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Gender symbols, sexual orientation: heterosexu...

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This one is hotting up for parliamentary attention next week, with both the Australian Christian Lobby and Getup! campaigning from opposite sides. It looks like it’s going to be high noon at the OK Corral as these two shape up to each other in their lobbying for support. Funny thing is that, in the past,  I have sided with  each on different occasions on various issues.

I have held back on this one because I’m not satisfied with the arguments of either side. I’m aware this puts me in “no man’s land” the place where one wins suspicion of being a person of no conviction, where one becomes a target for rotten tomatoes from both sides.

The “againsts”, I fear, are guilty of hyperbole. They say that only the traditional nuclear family can offer the solid building block for society. If the world was a black and white version of “Pleasantville” that might be the case. My experience of family units who display all sorts of variations on the proverbial norm says it is not so. Some of the most solid folk I know were brought up in nurturing environments that were anything but ordinary. Some of the most damaged people I have encountered describe a traditional mum-dad-and-kids environment. Whatever the arrangement, it seems to me that loving, respectful, nurturing relationships, whatever the age, gender or cultural mix, are what engender that much sought after solid family unit.

Again I find myself hesitant to cast my lot with the “fors”, as sympathetic as I am with the case for equal recognition of a coupled relationship without discrimination and the legal rights appended to it. My dilemma is, that many couples, regardless of sexual orientation, have a high regard for marriage, and it is right that that they pursue the removal of blocks that prevent the fullest expression of what it can mean as the highest level of spiritual and practical commitment to each other.  The thing is that “marriage” itself has become the rallying point, thus altering the subtle nature of what all, in non combative mode, might appreciate as its subtlety, mystery and sanctity. I fear these things are lost in the heat of battle. Of course, some would argue that this is a temporary turbulence and it must be endured for the sake of the long term goal.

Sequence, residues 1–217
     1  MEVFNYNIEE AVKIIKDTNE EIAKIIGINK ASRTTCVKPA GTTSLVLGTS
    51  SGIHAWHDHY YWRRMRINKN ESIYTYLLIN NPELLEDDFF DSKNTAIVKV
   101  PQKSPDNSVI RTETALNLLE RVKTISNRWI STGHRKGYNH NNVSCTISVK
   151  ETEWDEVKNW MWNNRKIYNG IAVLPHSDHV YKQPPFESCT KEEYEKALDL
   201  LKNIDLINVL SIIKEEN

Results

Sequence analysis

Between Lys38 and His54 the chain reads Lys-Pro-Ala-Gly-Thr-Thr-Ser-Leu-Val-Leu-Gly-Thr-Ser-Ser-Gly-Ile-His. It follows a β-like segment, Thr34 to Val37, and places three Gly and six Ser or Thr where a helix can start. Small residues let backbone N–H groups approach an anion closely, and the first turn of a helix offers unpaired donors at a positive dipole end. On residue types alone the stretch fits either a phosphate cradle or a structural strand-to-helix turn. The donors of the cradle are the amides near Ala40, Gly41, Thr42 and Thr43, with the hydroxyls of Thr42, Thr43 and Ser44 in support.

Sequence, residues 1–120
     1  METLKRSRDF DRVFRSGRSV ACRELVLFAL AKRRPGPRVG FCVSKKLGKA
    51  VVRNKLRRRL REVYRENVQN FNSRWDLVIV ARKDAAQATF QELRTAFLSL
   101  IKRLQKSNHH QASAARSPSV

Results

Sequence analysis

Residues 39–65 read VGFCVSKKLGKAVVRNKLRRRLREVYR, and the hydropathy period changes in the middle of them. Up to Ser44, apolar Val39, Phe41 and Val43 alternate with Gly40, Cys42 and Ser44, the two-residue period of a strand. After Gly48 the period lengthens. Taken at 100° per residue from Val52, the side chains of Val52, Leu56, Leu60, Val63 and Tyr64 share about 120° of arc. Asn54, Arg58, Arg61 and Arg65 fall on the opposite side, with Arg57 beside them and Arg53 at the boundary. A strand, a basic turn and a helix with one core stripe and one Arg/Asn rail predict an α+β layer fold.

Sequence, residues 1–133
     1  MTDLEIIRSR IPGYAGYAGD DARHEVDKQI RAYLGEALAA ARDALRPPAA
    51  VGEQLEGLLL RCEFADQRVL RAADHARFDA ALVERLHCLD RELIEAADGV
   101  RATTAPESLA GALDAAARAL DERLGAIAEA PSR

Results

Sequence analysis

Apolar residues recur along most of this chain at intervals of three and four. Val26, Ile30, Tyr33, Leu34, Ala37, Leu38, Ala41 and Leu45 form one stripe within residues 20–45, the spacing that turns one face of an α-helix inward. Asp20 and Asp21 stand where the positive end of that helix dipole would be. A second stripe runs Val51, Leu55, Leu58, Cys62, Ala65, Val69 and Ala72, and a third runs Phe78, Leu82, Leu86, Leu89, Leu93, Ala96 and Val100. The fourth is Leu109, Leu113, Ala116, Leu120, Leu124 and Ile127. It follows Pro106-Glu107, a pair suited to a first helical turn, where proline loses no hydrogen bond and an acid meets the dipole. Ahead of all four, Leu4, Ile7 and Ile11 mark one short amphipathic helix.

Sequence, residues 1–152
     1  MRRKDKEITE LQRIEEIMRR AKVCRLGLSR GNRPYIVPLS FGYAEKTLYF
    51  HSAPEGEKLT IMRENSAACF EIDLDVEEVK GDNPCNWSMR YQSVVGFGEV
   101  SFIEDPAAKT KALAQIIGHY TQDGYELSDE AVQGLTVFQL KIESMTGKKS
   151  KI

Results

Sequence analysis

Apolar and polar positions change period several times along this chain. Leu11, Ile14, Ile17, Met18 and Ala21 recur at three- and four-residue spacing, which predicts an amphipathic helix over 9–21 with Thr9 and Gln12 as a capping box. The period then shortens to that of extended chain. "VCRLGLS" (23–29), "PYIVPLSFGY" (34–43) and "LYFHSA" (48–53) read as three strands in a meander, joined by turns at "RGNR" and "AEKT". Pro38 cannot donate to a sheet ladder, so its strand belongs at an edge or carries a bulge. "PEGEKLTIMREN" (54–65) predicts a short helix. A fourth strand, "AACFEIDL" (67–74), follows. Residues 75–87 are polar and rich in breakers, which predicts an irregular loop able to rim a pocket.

I feel there needs to be a reframing of the question of what constitutes marriage and that the wisdom of tradition, culture, and contemporary anthropology need to be in play, not as combatants, but seeking partners.

I am also aware it has been too long for those alienated by the current system and that a measure of justice is crying out for satisfaction.

And so I remain a mugwump, sitting on the barbed wire fence in no man’s land, a place of ambiguity, until a better way forward emerges.